What are you doing on the Web? Most under 30 are wasting time
The Internet is one of the greatest inventions of all time, allowing for a nearly instantaneous sharing of information that the world had never come close to previously.
But for most people under the age of 30 in the U.S., the Web is mostly a time killer, according to a new study from the Pew Research Center's Internet & American Life Project.
"Americans are increasingly going online just for fun and to pass the time," the Pew Research Center said in its report, released Friday. "On any given day, 53% of all the young adults ages 18-29 go online for no particular reason except to have fun or to pass the time.
"Many of them go online in purposeful ways, as well. But the results of a survey by the Pew Research
Center’s Internet & American Life Project show that young adults' use of the Internet can at times be
simply for the diversion it presents. Indeed, 81% of all young adults in this age cohort report they have used the Internet for this reason at least occasionally."
The report, of course, is one more testament to what many of us already know, given the declining profits seen for years by TV networks, print publishers and record companies -- not to mention the popularity of memes, LOLcats, YouTube and other online time-wasting cultural phenomena.
Pew also found that the Web as a pastime is on the rise.
"These results come in the larger context that Internet users of all ages are much more likely now than in the past to say they go online for no particular reason other than to pass the time or have fun," the report said. "Some 58% of all adults (or 74% of all online adults) say they use the Internet this way. And a third of all adults (34%) say they used the Internet that way 'yesterday' -- or the day before Pew Internet reached them for the survey. Both figures are higher than in 2009 when we last asked this question and vastly higher than in the middle of the last decade."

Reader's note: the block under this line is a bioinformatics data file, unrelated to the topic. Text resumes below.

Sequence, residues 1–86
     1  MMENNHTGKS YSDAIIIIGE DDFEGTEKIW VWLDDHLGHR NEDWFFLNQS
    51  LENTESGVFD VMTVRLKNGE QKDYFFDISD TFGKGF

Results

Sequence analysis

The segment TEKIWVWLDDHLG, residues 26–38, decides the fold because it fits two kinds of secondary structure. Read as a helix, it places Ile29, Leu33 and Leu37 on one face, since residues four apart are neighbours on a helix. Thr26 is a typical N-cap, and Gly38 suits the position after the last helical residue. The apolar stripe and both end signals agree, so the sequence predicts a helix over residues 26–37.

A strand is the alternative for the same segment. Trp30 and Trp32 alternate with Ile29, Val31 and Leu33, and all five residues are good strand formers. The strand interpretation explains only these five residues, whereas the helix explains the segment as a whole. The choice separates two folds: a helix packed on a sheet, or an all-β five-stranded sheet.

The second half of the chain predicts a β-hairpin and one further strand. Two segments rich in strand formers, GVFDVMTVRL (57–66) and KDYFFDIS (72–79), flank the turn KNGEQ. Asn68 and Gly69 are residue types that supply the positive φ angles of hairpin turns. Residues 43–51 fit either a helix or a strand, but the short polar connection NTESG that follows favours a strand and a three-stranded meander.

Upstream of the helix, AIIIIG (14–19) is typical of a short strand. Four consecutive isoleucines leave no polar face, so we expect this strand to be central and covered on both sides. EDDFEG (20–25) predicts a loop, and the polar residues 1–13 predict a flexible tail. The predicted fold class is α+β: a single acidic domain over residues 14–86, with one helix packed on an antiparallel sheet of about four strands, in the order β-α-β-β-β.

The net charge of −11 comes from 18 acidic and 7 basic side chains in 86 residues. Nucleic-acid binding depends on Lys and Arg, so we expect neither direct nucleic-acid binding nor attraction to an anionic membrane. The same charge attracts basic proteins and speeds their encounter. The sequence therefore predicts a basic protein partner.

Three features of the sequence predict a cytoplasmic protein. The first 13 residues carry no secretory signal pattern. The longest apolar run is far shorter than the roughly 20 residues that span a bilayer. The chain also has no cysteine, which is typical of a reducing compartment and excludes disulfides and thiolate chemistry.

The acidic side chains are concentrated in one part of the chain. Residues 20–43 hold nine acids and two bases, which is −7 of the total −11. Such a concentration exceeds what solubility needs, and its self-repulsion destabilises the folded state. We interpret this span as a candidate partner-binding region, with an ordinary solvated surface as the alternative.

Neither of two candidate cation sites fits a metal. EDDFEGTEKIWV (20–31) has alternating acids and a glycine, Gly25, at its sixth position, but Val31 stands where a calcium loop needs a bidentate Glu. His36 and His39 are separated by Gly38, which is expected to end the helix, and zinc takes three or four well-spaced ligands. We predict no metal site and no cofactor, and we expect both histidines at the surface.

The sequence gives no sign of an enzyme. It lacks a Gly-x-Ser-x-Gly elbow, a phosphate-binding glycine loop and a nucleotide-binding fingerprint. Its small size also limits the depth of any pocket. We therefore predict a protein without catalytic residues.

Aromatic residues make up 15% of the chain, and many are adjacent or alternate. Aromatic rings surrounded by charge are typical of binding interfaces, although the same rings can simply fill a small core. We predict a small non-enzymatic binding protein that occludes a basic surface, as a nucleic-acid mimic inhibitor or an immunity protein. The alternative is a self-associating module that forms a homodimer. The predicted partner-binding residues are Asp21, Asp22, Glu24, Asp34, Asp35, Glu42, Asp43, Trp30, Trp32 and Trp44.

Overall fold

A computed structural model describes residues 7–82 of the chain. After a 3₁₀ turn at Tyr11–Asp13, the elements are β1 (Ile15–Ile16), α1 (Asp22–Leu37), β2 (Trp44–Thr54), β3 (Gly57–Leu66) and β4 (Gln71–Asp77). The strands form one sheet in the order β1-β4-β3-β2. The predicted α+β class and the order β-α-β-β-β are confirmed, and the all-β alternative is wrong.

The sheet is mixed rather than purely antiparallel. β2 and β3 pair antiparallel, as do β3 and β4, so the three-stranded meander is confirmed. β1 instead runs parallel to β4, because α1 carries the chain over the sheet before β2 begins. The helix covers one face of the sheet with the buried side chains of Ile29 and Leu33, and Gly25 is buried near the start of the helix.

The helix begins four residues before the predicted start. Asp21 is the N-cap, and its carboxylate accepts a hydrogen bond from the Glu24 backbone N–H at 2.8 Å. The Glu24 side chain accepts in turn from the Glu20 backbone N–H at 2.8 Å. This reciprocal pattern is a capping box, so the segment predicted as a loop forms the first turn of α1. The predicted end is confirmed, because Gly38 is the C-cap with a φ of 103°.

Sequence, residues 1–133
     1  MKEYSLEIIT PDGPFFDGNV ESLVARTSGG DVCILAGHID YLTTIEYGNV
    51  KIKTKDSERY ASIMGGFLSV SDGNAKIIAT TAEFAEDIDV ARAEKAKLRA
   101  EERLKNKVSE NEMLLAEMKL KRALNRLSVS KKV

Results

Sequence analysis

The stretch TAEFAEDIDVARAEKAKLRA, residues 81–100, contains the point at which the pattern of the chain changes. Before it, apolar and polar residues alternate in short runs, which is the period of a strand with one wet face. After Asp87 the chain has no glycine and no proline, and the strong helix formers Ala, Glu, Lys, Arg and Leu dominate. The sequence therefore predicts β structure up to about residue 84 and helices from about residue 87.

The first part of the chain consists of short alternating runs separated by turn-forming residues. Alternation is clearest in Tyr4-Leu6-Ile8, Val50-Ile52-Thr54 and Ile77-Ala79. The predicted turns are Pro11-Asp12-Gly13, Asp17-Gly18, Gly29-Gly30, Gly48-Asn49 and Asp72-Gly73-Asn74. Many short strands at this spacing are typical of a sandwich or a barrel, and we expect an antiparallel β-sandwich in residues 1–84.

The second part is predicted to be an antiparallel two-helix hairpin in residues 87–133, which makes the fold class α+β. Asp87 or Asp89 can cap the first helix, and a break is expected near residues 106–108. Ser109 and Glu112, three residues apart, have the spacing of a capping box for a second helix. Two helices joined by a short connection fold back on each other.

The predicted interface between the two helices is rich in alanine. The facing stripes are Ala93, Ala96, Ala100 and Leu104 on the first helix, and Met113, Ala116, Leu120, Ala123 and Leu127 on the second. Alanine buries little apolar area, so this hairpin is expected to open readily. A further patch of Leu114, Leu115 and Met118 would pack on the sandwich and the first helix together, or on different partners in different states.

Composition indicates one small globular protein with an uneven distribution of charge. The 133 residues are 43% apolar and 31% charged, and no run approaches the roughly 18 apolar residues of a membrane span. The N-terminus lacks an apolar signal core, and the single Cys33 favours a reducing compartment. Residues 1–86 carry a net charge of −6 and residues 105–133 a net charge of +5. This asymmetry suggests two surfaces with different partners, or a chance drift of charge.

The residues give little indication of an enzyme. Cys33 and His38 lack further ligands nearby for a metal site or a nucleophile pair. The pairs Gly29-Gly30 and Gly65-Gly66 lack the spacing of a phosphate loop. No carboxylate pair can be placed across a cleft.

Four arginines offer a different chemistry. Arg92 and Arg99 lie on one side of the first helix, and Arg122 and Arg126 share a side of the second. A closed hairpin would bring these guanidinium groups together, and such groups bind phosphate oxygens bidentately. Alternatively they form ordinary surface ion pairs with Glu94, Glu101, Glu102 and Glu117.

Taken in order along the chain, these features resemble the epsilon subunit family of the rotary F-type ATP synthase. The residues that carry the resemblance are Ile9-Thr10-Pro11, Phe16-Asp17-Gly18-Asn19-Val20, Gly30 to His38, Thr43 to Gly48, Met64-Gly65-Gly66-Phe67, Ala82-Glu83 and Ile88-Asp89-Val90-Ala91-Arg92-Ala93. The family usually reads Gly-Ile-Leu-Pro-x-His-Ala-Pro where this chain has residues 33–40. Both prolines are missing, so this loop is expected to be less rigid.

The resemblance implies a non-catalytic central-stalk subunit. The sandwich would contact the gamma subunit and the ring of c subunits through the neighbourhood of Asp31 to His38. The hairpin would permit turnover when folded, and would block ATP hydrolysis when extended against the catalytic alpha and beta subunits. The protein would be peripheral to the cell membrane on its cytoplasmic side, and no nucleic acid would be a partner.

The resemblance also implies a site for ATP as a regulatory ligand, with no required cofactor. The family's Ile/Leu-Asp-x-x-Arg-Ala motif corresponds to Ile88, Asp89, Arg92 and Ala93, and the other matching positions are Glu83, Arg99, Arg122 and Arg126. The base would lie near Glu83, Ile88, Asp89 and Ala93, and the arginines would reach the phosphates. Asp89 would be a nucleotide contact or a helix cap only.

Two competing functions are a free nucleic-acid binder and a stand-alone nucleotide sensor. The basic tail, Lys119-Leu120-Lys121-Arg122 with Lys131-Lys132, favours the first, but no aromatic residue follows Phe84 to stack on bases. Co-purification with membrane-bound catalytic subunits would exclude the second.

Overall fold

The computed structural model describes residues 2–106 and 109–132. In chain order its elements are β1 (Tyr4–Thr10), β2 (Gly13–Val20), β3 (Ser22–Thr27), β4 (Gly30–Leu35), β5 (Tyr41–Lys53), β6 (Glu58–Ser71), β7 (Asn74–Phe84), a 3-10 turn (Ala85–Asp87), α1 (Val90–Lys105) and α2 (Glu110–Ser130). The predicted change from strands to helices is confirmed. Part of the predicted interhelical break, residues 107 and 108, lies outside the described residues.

So what's to explain the increase in time wasting on the Web? Pew is pointing to "a variety of trends," including the growth of broadband Internet connections, the increased use of video on the Web and the meteoric rise of social networking.
"All of those factors are strongly associated with people who use the Internet for fun: If they have broadband, if they are online video consumers, if they use social media of any kind -- especially social networking sites -- they are much more likely than others to go online to pass the time."
A bit of perspective: when Pew first started tracking the Internet as a diversion, back in March 2000, 29% of adults and 63% of the Internet users at that time said they surfed the Web as a time waster.
"At that time, age and class were the biggest factors associated with using the Internet this way," Pew said. "More young adults were online and more of them were using the Internet as a diversion. And more relatively well-off and well-educated people were online and using the Internet as a diversion.
"In the ensuing years, men and women, blacks, Latinos and whites, those in higher-income households and lower-income households, those with a lot of education and those without as much education, have all increased their use of the Internet for this reason."
However, some things remain unchanged in Pew's findings. "It is still the case, though, that well under half of senior citizens and those without high school diplomas are using the Internet as a way to kill time and divert themselves."
-- Nathan Olivarez-Giles
Photo: In March 2010, Kayla Eland checks her email sitting in the window of her dorm room at Pitzer College in Claremont. Credit: Irfan Khan / Los Angeles Times